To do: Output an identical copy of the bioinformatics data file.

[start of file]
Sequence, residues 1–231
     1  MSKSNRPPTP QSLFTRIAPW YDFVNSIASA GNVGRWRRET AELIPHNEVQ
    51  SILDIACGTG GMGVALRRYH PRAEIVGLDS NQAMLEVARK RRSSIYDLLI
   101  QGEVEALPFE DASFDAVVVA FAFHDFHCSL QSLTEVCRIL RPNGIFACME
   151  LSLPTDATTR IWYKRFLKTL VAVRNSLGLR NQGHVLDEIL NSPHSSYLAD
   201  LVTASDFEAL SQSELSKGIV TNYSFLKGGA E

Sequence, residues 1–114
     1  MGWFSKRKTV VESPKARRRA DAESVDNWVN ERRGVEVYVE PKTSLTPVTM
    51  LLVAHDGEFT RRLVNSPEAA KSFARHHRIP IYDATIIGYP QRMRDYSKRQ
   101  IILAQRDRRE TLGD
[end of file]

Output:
Sequence, residues 1–231
     1  MSKSNRPPTP QSLFTRIAPW YDFVNSIASA GNVGRWRRET AELIPHNEVQ
    51  SILDIACGTG GMGVALRRYH PRAEIVGLDS NQAMLEVARK RRSSIYDLLI
   101  QGEVEALPFE DASFDAVVVA FAFHDFHCSL QSLTEVCRIL RPNGIFACME
   151  LSLPTDATTR IWYKRFLKTL VAVRNSLGLR NQGHVLDEIL NSPHSSYLAD
   201  LVTASDFEAL SQSELSKGIV TNYSFLKGGA E

Sequence, residues 1–114
     1  MGWFSKRKTV VESPKARRRA DAESVDNWVN ERRGVEVYVE PKTSLTPVTM
    51  LLVAHDGEFT RRLVNSPEAA KSFARHHRIP IYDATIIGYP QRMRDYSKRQ
   101  IILAQRDRRE TLGD